[ALAC] Possible ALAC Statement and Call for Comments re Verisign's Patent Application on Domain Name Transfers

Salanieta T. Tamanikaiwaimaro salanieta.tamanikaiwaimaro at gmail.com
Wed Oct 10 00:27:51 UTC 2012

Dear All,

This is still *Draft* but outlines my views on the threat to DNSSEC and
what I think ICANN should and can do about it:

*A Perspective on the Patent Application on Domain Name Transfers published
by the United States Patents and Trademarks Office (USPTO) and its Impact
on An Open and Free Internet*

* *

*Threats to an Open and Free Internet*

As the battle rages over threats to the Internet architecture, a recent
publication over the Patent Application for Domain Name
Verisign is disturbing for those who advocate an open and free
The Application is based on an immediate and direct threat towards an open
and free Internet. Just in case people are tempted to think that this was a
prank given that they filed it on the 1 April 2011, searches at the United
States Patents and Trademark Office

(USPTO) reveals that this is a legitimate

*Patenting the Internet*

It was not all that long ago that the Director General of the World
Intellectual Property Gurry had during a Forum suggested that the Internet
would have been better off it was

*An Assault against the IETF*

This Patent Application also appears to be an assault on the Internet
Engineering Task Force and on the governance systems for creating Internet
Draft on Changing DNS Operators under DNSSEC in the first version was
published on March 7,
 There is prior art as shown by the existence of the Internet Draft and
subsequent amendments with the latest revision being March 11, 2012.

*Possible Grounds for Objection*

There are two possible grounds for objections to be raised in this Patent

1.    Existence of prior Art;

2.    Non-functionality of the Invention;

3.    Antithesis to the Affirmation of Commitment between the United States
Department of Commerce and the Internet Corporation for Assigned Names and

There are also the antitrust and competition issues that unfold were the
Patent to be granted to Verisign. At this juncture, it is important to
raise that the United States Department of Commerce (USDoC) oversees both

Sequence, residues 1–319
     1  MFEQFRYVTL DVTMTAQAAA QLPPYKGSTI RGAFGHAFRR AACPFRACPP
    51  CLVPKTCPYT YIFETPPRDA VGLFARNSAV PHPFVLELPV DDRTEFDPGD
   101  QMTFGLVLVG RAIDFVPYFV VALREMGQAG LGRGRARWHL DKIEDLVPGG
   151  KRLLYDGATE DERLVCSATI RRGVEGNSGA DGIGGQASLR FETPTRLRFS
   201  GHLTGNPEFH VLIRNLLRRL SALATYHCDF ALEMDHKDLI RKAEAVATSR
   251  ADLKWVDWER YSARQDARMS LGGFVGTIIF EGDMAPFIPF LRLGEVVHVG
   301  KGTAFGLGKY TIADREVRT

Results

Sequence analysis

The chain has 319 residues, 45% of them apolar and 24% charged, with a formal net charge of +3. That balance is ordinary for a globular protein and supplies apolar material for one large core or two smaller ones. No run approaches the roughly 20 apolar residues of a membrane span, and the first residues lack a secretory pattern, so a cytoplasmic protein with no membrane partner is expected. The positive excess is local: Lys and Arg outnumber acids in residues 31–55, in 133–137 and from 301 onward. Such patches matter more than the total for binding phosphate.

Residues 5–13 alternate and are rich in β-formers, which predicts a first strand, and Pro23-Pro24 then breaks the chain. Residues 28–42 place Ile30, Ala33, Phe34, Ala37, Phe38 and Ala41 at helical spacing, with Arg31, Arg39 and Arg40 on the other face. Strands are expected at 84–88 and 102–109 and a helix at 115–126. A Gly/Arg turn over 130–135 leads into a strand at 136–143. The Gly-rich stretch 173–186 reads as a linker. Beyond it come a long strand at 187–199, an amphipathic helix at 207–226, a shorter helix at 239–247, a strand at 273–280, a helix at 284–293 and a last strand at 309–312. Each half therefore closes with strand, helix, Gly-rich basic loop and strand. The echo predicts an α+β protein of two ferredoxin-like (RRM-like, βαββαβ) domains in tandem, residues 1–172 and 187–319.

the United States Patents and Trademarks Organisation (USPTO) and the
Internet Corporation for Assigned Names and Numbers (ICANN). As such, the
Affirmation of Commitments
the USDoC and ICANN is critical in this regard.

See excerpt from the AoC below:

“2. The Internet is a transformative technology that will continue to
empower people around the globe, spur innovation, facilitate trade and
commerce, and enable the free and unfettered flow of information. One of
the elements of the Internet's success is a highly decentralized network
that enables and encourages decision-making at a local level.
Notwithstanding this decentralization, global technical coordination of the
Internet's underlying infrastructure - the DNS - is required to ensure

3. This document affirms key commitments by DOC and ICANN, including
commitments to: (a) ensure that decisions made related to the global
technical coordination of the DNS are made in the public interest and are
accountable and transparent; (b) preserve the security, stability and
resiliency of the DNS; (c) promote competition, consumer trust, and
consumer choice in the DNS marketplace; and (d) facilitate international
participation in DNS technical coordination.

4. DOC affirms its commitment to a multi-stakeholder, private sector led,
bottom-up policy development model for DNS technical coordination that acts
for the benefit of global Internet users. A private coordinating process,
the outcomes of which reflect the public interest, is best able to flexibly
meet the changing needs of the Internet and of Internet users. ICANN
and DOC recognize
that there is a group of participants that engage in ICANN's processes to a
greater extent than Internet users generally. To ensure that its decisions
are in the public interest, and not just the interests of a particular set
of stakeholders, ICANN commits to perform and publish analyses of the
positive and negative effects of its decisions on the public, including any
financial impact on the public, and the positive or negative impact (if
any) on the systemic security, stability and resiliency of the DNS.”

It is clear that the Internet being a highly decentralized network, global